A third most appropriate quantitative method is a multi-source cross-sectional design. This approach requires that data collection occurs at a specified period. A cohort of employees from multiple organizations can rate individual utilization frequency of the available social resources as at that time using ordered categories. Subsequently, the researcher can use the data to determine if there is an association between employee position and usage levels.

Indicators of utilization can be used to estimate this link. Loch et al. (2015) found an association between a low overall social capital score and low leisure-time activity in adult workers. Their study also established that social capital reduces risky behaviors. Thus, a cross-sectional design would help identify organizational policies or initiatives that promote the formation of new connections in workplace settings.

The main downside to the cross-sectional design is its low statistical power compared to longitudinal studies. It does not involve repeat measures. Therefore, changes in the utilization of social resources accessible to the subjects occupying various positions in the organization may not be uncovered (Agyapong, Agyapong & Poku 2017). Cross-sectional data can be analyzed using cross-tabulation to compare measures between different organizations. Descriptive analysis can also show the relationship between how individuals use social capital and position.

Most Suitable Quantitative Research Method

A correlational design would be the most appropriate approach to resolving the two research questions. The first RQ has two variables: use of social resources and rank. Correlation research would help evaluate the association between them without the need for experimental manipulation. Similar studies have examined this relationship from different angles. Meng, Clausen, and Borg (2018) explored the correlation between social capital and job engagement.

Their findings indicate a positive relationship between the two variables. Thus, a correlational design would be critical to linking the use of social resources by staff and position in the organization. In this regard, the rank would be a crucial explanatory variable for the difference in how people use social capital.

Another more compelling reason for using a correlational design as opposed to a longitudinal or cross-sectional method is that not all organizational initiatives may be associated with improved new workplace connections. Therefore, though the association may not be a causal one, a correlation design would help delineate useful firm interventions or policies. Unni (2014) found a strong positive correlation between social capital and employee citizenship behavior. This association was attributed to specific organizational practices, such as advocacy and staff engagement, which encourage staff to create good relations among themselves as a way of improving individual performance.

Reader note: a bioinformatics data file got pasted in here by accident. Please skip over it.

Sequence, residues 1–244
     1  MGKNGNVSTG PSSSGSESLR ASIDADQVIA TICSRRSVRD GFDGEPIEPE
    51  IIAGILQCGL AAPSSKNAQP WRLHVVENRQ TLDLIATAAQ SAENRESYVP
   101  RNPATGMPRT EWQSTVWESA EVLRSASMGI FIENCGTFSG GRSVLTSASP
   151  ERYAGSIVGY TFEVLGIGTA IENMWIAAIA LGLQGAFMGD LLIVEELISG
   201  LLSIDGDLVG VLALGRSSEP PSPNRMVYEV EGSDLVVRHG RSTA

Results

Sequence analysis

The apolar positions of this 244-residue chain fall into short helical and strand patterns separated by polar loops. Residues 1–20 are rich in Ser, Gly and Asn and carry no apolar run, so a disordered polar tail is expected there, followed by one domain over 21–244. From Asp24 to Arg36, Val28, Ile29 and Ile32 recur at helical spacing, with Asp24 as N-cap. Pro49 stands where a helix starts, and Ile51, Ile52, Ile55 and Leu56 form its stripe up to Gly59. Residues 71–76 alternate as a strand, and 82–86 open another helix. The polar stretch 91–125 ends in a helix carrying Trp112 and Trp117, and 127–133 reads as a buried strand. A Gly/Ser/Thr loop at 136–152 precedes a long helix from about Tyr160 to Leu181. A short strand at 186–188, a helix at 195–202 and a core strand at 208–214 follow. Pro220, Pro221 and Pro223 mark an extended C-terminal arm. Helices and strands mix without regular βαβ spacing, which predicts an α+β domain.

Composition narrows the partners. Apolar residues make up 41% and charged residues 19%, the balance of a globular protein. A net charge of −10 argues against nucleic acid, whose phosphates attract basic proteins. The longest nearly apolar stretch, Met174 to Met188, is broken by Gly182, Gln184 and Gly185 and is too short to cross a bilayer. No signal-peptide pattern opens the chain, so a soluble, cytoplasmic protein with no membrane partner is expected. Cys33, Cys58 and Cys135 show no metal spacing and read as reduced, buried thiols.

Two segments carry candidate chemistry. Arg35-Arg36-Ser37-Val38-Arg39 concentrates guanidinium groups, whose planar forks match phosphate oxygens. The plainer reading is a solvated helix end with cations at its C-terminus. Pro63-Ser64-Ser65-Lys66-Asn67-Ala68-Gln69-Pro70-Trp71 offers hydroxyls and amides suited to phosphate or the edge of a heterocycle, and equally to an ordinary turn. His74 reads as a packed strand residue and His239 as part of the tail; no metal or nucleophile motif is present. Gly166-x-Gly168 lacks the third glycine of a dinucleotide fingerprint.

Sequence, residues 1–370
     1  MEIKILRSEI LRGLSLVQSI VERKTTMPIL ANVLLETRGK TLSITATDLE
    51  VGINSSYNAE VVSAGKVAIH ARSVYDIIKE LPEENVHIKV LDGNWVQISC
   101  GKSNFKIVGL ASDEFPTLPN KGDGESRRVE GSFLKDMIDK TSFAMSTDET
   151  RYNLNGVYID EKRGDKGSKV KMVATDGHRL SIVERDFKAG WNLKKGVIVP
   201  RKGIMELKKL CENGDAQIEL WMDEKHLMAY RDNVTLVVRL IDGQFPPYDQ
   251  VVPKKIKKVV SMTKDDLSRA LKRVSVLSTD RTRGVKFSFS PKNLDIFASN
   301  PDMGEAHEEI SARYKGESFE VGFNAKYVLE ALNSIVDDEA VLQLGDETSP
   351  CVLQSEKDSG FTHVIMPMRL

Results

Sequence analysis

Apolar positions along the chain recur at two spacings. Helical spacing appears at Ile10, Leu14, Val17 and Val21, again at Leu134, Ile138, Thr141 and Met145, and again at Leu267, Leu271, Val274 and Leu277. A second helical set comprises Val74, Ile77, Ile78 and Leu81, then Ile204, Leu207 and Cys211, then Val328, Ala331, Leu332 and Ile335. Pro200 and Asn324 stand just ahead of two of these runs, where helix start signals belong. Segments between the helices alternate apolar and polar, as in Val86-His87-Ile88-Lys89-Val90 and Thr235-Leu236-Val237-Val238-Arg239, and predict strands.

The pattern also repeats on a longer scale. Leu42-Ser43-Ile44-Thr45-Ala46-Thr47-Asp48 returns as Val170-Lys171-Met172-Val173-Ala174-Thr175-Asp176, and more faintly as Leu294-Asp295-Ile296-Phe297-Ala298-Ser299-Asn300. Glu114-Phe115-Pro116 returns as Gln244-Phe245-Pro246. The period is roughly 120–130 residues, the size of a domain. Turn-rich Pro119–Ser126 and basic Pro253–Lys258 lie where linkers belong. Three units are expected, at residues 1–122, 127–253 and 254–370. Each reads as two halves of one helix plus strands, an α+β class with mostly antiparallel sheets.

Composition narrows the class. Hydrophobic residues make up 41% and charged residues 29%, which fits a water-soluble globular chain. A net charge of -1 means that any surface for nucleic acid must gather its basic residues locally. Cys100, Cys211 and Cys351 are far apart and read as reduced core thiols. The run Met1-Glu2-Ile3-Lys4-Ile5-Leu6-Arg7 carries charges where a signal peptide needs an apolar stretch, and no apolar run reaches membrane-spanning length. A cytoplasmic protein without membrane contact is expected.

The relationship between the variables considered in the research questions is not a causal one. Based on this premise, a job position might not produce specific utilization patterns of social resources. Neither variable can be viewed as causing the other. For this reason, a correlational design is the most appropriate quantitative research method for finding solutions to the research questions. Even if there is a causal link, manipulation of one of the variables may impossible or impractical (Tantardini & Kroll 2015).

For example, an organizational initiative can be thought of as a possible trigger of new workplace connections. However, manipulating this variable may impractical or unethical due to the requirement of a control group. Thus, a more practical approach would be measuring identified indicators of new relations as outcomes of organizational interventions through various instruments.

A correlational design allows a researcher to use validated scales to measure variables. Tulin, Lancee, and Volker (2018) used a validated 5-item instrument – the Big Five – to assess personality dimensions that affect social capital. They found a relationship between extraversion and utilization of social resources. Thus, with a correlational design, instruments can be developed to measure how employees utilize social resources and relate that to organizational rank (Nam 2014). Additionally, social capital scales can indicate valuable new connections resulting from an implemented corporate initiative.

Data for Studying the Chosen Research Question